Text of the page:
Is the inflation temporary or here to stay? Things to learn from the latest CPI Report.
Inflation in April accelerated at its fastest pace in more than 12 years as the Consumer Price Index or CPI rose 4.2% from a year earlier. The month-to-month gain was 0.8%.
Although inflation is not a simple phenomenon to interpret, there are a few things we can learn from the latest CPI Report.
- The ever-volatile food and energy are big drivers of the rise: The general CPI rose 4.2% in April but excluding the ever-volatile food and energy prices, which was 3%.a
- The rise of digitalization and automation was a potent dynamic influencing inflation.
- The pandemic and lockdown.
How does the inclusion of food and energy prices cause the general prices to surge?
Supply shocks, such as – fluctuations in the oil supply from the OPEC cartel or environmental factors ravaging crops, affect the prices of these products. The prices of food and energy items are more likely related to temporary factors, which may change later. The changes in these item’s prices are not necessarily a sign of inflation, and when included, they are capable of distorting a trend increase in general prices. For this reason, core inflation is measured, which enables economists to isolate what is happening to general prices without distraction from spikes in volatile food and energy prices. Leaving out the volatile categories yields a more steady measure of inflation.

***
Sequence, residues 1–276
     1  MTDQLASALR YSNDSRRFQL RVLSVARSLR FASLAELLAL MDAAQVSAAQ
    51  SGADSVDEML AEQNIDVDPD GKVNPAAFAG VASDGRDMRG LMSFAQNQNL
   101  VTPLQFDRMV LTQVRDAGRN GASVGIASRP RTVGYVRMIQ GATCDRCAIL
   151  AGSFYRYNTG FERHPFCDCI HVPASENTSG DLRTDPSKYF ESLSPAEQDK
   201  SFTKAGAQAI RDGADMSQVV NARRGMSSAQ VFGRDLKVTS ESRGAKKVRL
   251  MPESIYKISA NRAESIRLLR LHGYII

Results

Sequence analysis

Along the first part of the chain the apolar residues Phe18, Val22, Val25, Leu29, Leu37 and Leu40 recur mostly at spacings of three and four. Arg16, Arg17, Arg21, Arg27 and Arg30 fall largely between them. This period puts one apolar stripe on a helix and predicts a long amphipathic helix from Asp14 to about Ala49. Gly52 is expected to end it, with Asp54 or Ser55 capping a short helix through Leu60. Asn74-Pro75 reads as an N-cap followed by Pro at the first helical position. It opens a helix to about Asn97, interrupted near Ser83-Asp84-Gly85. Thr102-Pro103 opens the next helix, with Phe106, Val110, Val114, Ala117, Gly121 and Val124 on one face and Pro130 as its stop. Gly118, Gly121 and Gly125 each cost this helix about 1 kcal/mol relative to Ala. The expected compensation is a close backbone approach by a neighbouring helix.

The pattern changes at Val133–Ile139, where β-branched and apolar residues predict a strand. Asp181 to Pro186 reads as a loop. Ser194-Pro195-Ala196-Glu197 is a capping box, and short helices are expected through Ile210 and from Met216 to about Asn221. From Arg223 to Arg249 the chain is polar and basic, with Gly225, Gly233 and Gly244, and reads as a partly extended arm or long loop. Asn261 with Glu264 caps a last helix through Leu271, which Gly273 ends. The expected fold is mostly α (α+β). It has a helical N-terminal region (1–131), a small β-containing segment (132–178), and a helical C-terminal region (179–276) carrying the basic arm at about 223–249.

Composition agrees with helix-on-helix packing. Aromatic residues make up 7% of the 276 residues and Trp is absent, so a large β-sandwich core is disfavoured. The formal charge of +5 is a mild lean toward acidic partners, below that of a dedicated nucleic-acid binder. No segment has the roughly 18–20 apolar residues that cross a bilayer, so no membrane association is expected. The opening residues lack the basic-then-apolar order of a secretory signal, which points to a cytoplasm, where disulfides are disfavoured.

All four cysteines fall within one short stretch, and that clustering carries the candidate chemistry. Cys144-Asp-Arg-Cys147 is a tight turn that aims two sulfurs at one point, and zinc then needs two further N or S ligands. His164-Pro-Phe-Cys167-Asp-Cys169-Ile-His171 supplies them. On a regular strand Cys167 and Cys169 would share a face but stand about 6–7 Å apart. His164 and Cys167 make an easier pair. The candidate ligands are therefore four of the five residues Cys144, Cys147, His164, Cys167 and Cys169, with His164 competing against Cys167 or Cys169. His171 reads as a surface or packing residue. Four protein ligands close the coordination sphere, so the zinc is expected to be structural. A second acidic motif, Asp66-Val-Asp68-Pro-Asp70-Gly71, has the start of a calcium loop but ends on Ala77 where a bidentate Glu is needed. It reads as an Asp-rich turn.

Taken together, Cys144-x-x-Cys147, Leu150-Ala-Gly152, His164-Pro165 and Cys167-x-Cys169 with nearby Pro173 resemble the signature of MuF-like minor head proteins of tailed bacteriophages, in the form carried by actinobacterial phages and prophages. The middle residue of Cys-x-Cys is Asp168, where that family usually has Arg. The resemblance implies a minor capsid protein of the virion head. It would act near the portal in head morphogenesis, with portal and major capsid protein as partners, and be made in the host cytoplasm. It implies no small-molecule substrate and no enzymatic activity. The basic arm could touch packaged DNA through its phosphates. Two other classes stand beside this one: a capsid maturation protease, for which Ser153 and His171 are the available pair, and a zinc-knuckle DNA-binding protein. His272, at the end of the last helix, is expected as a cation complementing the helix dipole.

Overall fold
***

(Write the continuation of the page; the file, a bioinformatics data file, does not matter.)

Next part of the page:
Including volatile categories may trick the economists into believing that general prices are rising.
How does the rise of digitalization and automation affect inflation?
Digitalization and automation have a dampening effect on inflation. By adopting digitalization and smart robots, companies are relentlessly driving down labour costs. This way, companies can maintain profits and even cut prices. Drones, self-driving trucks, and apps powered by Artificial Intelligence are lowering the delivery costs too. These factors contribute to low inflation.
The effect of pandemic and lockdown on inflation.
The month of April last year was a large down month as several shops were closed, and people were required to stay in their homes. Goods shortages contribute to the rise in inflation. For instance, pre-owned cars have long been a factor in controlling the general car-buying financial burden on U.S. consumers, but as travel became restricted, car rental companies, which have been a major contributor to the used-car sales inventory, reduced their supply to the used car dealers.
The reduced supply caused the prices to soar, but as things get back to normal and the used car market restores, the imbalance will be gone, and the prices will come back to normal.
For these reasons, we can say that inflation is not here to stay for a long time. Indeed, President Biden’s spending initiatives to counter the effects of the pandemic will elevate CPI to some extent, but that won’t last forever.